“So?” Spencer prompted, relaxed but obviously so, and Bob felt something uncoil; he was maybe a bit nervous, too, and that made her feel better. She wished she’d been a little more prepared for this assault of hotness.

“Yeah, I’d like that,” Bob said, returning Spencer’s smile with a rare one of her own.

“Great,” Spencer said, bringing his hand up to clasp her arm for a brief, warm second. “That’s great. I’ll catch you after the show, then?”

“Okay,” she said, just as she was pushed into the wall by Frankie streaking past her and out the door. “I guess that’s my cue.”

“See you later,” Spencer said, and Bob trotted after Frankie wondering what the hell just happened.


The fourth time Bob met Spencer Smith, it was at a quiet little bar in Minneapolis. She’d had a chance to take a shower and change after the show, and when she went to go meet Spencer she’d gotten a text telling her a cab was going to pick her up. She walked in, hoping she wasn’t dressed entirely wrong for whatever they were doing (not like she could go wrong with black, anyway) and saw Spencer sitting at the bar, watching the door.

“Hey,” she said, waving for him to sit back down as he stood when she approached.

“Hey,” he said back with a warm smile. “One of the security guys at the venue was a local and said this was a good place to grab a drink. I hope it’s okay.”

“It’s fine,” she said, ordering a Summit. “So, you grew up nice.”

Bob liked Spencer’s laugh. “Thanks,” he said. “I’d like to thank my genetics, and my parents, and my–”

“Yeah, yeah,” she said, punching him lightly in the shoulder. “You know what I mean.”

He looked at her over the rim of his tumbler as he took a sip. “I’ve had a thing for you for years,” he said succinctly, making Bob nearly choke on her beer.

“What? Wait, what?” she said, grabbing a handful of cocktail napkins to wipe at the spill.

Spencer’s white-shoed foot came to rest on the outside of her stool, his leg pressing warmly against hers. “I kept hoping you’d figure it out,” he murmured so only Bob could hear. “I had all these fantasies that one day you’d just walk into the room and pull me out of my chair and kiss me, like you knew what I wanted better than I did.”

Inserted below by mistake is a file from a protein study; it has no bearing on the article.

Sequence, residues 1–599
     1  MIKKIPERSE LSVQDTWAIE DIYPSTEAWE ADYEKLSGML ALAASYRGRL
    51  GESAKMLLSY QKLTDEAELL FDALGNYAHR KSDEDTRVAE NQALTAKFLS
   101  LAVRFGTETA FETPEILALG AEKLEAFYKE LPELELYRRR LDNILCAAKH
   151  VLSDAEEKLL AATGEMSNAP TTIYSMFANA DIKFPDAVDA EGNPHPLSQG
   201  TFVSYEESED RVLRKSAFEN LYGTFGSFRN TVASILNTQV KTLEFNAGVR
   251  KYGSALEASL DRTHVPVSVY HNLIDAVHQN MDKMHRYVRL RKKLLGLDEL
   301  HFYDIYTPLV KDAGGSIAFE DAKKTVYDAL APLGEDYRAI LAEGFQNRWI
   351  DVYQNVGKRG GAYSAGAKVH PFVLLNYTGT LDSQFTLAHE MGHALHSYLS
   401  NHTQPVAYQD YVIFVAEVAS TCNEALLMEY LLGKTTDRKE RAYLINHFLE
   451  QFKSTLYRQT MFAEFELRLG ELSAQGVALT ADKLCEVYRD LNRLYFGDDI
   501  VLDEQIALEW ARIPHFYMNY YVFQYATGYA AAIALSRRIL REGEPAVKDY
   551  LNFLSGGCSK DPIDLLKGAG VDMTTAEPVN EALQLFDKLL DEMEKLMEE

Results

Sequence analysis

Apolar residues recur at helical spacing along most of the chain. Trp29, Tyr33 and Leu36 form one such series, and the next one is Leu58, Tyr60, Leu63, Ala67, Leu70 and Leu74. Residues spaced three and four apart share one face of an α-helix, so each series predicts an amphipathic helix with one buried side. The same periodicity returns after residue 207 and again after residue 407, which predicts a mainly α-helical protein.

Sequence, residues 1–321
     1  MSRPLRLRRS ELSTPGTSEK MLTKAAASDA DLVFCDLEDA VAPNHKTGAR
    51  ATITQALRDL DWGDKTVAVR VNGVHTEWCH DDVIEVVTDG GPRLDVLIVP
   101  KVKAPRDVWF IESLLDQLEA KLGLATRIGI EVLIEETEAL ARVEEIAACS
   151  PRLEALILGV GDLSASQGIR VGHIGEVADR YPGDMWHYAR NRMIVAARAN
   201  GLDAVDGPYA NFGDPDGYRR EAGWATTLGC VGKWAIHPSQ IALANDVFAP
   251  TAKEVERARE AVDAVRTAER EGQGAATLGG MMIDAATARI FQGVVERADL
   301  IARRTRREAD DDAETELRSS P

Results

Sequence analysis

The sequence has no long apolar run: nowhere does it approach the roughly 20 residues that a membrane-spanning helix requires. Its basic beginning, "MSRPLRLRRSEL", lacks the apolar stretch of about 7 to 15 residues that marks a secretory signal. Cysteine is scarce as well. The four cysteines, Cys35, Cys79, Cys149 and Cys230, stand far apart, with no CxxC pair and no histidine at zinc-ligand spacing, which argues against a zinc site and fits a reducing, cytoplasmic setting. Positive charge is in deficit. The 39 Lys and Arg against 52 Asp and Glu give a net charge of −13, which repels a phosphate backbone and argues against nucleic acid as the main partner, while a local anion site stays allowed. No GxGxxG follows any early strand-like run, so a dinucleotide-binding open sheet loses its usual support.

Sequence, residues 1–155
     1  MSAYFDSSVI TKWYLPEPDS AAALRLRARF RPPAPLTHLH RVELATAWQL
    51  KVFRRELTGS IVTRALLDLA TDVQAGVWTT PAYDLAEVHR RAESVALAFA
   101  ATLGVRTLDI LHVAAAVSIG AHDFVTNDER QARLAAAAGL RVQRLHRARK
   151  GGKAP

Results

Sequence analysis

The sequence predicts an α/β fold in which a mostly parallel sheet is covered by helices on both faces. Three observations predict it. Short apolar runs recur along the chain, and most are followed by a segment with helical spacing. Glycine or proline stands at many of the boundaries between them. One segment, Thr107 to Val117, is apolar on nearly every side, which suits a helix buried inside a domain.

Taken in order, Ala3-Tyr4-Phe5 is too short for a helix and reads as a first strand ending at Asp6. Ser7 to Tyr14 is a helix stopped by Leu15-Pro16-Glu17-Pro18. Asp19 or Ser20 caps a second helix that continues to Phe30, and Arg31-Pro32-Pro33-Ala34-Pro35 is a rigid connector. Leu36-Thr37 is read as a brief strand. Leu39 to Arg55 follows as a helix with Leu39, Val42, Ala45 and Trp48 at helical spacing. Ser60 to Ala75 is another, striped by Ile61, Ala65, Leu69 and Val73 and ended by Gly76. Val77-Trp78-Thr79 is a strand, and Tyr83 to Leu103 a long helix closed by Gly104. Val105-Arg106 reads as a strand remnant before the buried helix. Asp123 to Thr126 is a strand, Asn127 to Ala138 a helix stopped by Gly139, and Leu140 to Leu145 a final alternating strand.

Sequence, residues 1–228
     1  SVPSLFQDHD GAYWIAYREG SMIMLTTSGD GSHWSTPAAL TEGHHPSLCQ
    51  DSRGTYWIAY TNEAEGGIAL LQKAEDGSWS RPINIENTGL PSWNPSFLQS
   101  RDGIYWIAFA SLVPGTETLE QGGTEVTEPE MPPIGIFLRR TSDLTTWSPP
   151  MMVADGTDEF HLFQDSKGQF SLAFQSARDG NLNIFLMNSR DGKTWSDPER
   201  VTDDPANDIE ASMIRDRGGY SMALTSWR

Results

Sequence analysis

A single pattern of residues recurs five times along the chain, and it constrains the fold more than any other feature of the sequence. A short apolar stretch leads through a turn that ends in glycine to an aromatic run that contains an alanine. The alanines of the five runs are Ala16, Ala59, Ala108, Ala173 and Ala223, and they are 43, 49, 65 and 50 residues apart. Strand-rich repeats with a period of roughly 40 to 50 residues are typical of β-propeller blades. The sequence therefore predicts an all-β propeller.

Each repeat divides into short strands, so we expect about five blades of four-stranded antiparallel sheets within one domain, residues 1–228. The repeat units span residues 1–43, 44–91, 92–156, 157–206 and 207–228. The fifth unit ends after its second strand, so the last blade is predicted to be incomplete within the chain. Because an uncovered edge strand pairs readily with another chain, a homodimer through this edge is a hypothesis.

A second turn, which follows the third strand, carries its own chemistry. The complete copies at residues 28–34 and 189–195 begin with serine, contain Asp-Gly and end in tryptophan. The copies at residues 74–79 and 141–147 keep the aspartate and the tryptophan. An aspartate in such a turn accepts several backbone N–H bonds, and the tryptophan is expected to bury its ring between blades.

Bob could hear her heartbeat racing in her ears. Jesus, what did they teach these kids over at Fueled By Ramen? Jailbait Seduction 101?

“But then I realized,” he said, setting his tumbler down and resting his hot, drummer-calloused hand on her bare forearm, “if I wanted something to happen, I’d have to do something about it.” His fingers trailed up her arm and came to cup the side of her face. Bob totally tried to keep her breathing normal, but it was really hard because she’d apparently just walked into softcore porn with a guy that she remembered wearing brocade with a bitchy face and without irony. Really, she wasn’t prepared at all for this. She should have had that extra cup of coffee she’d given to Gerard, Bob thought in a panic.

Spencer pulled her to him and kissed her, chaste at first but moving quickly into the wet slide of tongues until Bob was half off her stool and balancing with her hand on Spencer’s knee. When they pulled apart she could feel the curve of Spencer’s smile against her lips and the heat of his breath against her skin.

“Can I take this as you’re on board?” he said teasingly and Bob shut him up by pulling him close for another kiss. God, her band was going to make so many Mrs. Robinson jokes, she thought for one despairing moment.


The fifth time Bob met Spencer Smith, he was bringing her breakfast in bed. Most importantly, he was bringing her coffee in bed. She hid her smile in her mug and tugged him down beside her and thought, well, maybe he can stay.